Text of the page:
In the immediate aftermath of the terrorist attacks on Sept. 11, 2001, Dr. Judy Kuriansky spent weeks surrounded by the destruction.
Kuriansky, a psychologist and professor at Columbia University Teacher's College, was a first responder giving psychological aid. She walked around talking to others about what they were going through. She handed out water, gloves, hats and watched as the other responders dug up and covered bodies as they went through the debris. It was around that same time she started handing out teddy bears.
“This is, from a psychological point of view, what we call contact comfort,” she said.
“We gave them to the kids who had been around and up at the family assistance center, where I also was posted, and there were adults who came by and said, ‘Dr. Judy, where’s my teddy bear?’ So, we all need our teddy bears and our loved ones and our community here to comfort us.”
Kuriansky relayed the story of the weeks immediately following the 9/11 attacks Tuesday on the 11th anniversary at the Town of Orangetown September 11th Memorial, hosted by the Town of Orangetown and the Police Benevolent Association. She was there to talk about healing and moving on from crisis.
“This is the 11th anniversary and that matters. Even though people made such a big deal about number 10, 11 matters too, and the healing continues to go on,” said Kuriansky, also a radio host. “Even though Osama Bin Laden is dead, we can celebrate that, we have a lot to mourn ourselves in order to heal.”
She added that it’s possible to grow from mourning. Kuriansky called it “post-traumatic growth” and said that with mourning can come the reevaluation of life, relationships and experiences. People not only reflect backwards but also look ahead, she said.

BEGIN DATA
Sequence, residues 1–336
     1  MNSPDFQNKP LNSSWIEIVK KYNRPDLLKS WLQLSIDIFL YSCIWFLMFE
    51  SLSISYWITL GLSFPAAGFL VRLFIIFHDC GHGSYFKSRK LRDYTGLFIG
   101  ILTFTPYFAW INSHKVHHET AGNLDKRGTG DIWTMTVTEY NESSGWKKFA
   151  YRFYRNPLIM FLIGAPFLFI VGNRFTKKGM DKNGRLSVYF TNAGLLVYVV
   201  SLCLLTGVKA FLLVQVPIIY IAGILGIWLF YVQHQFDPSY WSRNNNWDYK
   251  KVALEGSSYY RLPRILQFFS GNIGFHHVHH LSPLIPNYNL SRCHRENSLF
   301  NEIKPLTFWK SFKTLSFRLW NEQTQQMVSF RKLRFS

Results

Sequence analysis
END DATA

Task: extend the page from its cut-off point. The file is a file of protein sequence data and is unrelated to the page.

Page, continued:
Kuriansky added that there are five questions psychologists might ask after someone goes through a traumatic experience:
- Where were you when you heard the horrible news?
- Who did you first think of that’s important in your life?
- Who did you call to first try to connect with?
- What were your feelings?
- How do you feel you can use the experience to move on?
The ceremony was held outside in front of Orangetown Town Hall on a cool almost Autumn night with a clear blue sky.
“I’m sure that many of us are looking up in the sky and thinking, ‘My god, that’s the kind of blue sky that I saw when I heard about attacks on the World Trade Center,’” said Orangtown Supervisor Andy Stewart.
Madison Schindele, a Tappan Zee High School student, sang the national anthem and at the end of the ceremony came back to sing “God Bless America,” which turned into a sing-a-long with many of the 50-plus people in attendance joining in. Local religious leaders read out the names of Rockland County victims in the attacks.
Musician Russell Daisey performed on piano and sang he wrote with Kuriansky while in a class of her’s at Columbia called “Towers of Light.” They wrote it in June 2002 about the two beams of light that were turned on at night following Sept. 11, and are lit up again on each ensuing anniversary.
Orangetown Poet Laureate Rose Marie Raccioppi recited a poem she wrote called “Where Does The Pain Go.” The full poem can be read .